The "cemetery" is a memorial to ground-breaking moments in Florida State football history.
When the Seminoles have gone on the road as an underdog and won, especially during Bobby Bowden's tenure, they have ripped up a clump of grass and sod from that field, taken it back to Tallahassee and buried it there.
There are pieces from the Orange Bowl, most recently from last year's win against Miami, the Swamp in Gainesville, Michigan Stadium, Nebraska's Memorial Stadium and Notre Dame's hallowed ground, to name a few.
You'd think a win this weekend at No.
5 North Carolina would mean another burial planned for Sunday.
Well, maybe not.
"We started sod games when we were the underdog on the road," Bowden said. "We're not the underdog, so I have mixed emotions about that. Do we want to go up there and declare ourselves the underdog?"
He thinks not.
But there are already plenty of Atlantic Coast Conference plots. FSU's 24-20 win at Clemson's "Death Valley" and 29-24 win at Georgia Tech's Bobby Dodd Stadium in 1992, the Seminoles' first year in the ACC, were sod games. The 1988 win at Clemson, on the "puntrooskie" play, was a sod game, too. There's even a memento from a game against North Carolina, the 1983 Peach Bowl at Atlanta Fulton County Stadium.
THE OTHER BIG ONE: It will not decide the league title, but Saturday's Georgia Tech at Virginia game, shown regionally on ABC, will shape the bowl future for both clubs. Virginia is 5-3, but one win was against I-AA Richmond, meaning it must win two of its final three to reach the minimum number for bowl consideration. Tech is 4-3, and all the wins count, but the Yellow Jackets don't want to face the situation of must-wins against Duke, Maryland and/or Georgia to get to six.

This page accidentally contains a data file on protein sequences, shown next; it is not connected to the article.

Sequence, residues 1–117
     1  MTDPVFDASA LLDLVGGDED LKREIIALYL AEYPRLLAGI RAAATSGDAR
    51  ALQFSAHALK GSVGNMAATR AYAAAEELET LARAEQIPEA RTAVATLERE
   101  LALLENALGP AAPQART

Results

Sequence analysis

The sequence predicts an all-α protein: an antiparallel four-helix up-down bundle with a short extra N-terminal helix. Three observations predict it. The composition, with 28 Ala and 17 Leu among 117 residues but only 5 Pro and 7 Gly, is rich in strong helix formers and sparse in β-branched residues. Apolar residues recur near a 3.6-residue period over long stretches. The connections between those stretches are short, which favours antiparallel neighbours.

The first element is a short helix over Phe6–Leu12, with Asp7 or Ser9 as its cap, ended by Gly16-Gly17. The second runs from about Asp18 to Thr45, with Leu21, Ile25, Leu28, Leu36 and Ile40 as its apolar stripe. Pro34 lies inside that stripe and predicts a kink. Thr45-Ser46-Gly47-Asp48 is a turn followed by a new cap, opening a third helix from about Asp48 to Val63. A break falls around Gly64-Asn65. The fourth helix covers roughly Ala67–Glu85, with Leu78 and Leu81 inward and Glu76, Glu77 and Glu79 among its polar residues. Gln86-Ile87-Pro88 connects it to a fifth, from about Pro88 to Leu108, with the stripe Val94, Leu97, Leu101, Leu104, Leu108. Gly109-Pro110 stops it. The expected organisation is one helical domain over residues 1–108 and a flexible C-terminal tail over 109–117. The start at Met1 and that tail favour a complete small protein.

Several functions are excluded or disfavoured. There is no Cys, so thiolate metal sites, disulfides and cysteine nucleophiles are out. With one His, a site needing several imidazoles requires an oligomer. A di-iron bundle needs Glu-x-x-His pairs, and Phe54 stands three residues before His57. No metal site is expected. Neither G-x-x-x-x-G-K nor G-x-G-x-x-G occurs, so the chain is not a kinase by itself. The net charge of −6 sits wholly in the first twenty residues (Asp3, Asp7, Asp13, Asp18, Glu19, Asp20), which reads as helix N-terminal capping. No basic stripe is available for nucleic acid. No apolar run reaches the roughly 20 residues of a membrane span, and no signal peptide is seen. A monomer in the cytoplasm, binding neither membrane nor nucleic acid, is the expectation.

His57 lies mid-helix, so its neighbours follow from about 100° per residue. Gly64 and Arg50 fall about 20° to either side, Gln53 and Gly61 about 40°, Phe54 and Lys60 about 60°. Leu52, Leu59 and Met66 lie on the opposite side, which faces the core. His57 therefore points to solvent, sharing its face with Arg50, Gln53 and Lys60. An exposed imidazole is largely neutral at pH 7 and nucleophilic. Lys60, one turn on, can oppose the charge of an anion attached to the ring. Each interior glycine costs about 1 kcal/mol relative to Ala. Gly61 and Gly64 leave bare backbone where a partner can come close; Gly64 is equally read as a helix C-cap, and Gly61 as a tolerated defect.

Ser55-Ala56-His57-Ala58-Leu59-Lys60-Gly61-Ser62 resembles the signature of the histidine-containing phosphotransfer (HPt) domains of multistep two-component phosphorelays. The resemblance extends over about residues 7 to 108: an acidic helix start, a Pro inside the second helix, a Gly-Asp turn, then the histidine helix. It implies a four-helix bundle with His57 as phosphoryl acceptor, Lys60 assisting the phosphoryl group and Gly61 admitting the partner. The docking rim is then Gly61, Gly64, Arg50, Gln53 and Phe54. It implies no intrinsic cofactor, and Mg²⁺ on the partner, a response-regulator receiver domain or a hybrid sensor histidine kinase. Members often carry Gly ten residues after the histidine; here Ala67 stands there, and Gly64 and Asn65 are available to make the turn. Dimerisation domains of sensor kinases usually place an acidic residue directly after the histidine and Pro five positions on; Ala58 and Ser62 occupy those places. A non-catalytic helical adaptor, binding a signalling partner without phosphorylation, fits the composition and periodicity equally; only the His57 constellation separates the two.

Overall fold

"I don't like to talk about post-season play, but this will go a long way in determining what kind of season we have," Virginia coach George Welsh said.
GOOD NEWS: Clemson reserve center Matt McLeod is doing better after surgery on his left leg and hip after an accident on campus Tuesday night. A van collided with his motorcycle.
"I talked to Matt this morning," Clemson coach Tommy West said Wednesday. "The surgery, they thought, was successful and he'll probably be in the hospital for 7-10 days, then probably more surgery will have to be done to replace or repair tissues and skin grafts. He's really got a pretty bad injury to the leg, but he's fortunate that it's not worse than it was."
McLeod, a 6-foot, 275-pound senior, has a year of eligibility available.
BAD BREAK: Improving Wake Forest will be without quarterback Brian Kuklick on Saturday against Rutgers and possibly on Nov. 15 in its season finale against FSU. Kuklick sustained a hairline fracture in his right leg apparently after absorbing a helmet-first shot during the first quarter against Clemson.
"It's a non-weight-bearing bone," coach Jim Caldwell said. "It's still tender and he can't run right now. He can walk without any noticeable limp, but he can't push off. We'll rehab him this week and see how it goes. If he plays with it, he's not in any danger of displacing a bone, so there's a possibility he still can come back and play."
SLEEPLESS IN DURHAM: Duke coach Fred Goldsmith said he didn't lose sleep during last year's 0-11 debacle; his team wasn't that close to winning too often. But already this year, the Blue Devils have lost at Northwestern 24-20, lost at Maryland 16-10, lost at Virginia 13-10 and then lost last week at home to Wake Forest 38-24 after being tied at the half at 24.
"We're close; we've almost overcome," he said. "That's been the frustrating part. But also you can smile to see a brighter future with almost all these boys coming back for a couple years."
QUOTE, UNQUOTE: "Our fans will be here. That is not a concern of mine. I'm worried about us playing the game and winning the game." _ North Carolina State coach Mike O'Cain on the prospects that football fans in Raleigh may skip the Wolfpack's home game against Maryland to be in Chapel Hill.
_ BRIAN LANDMAN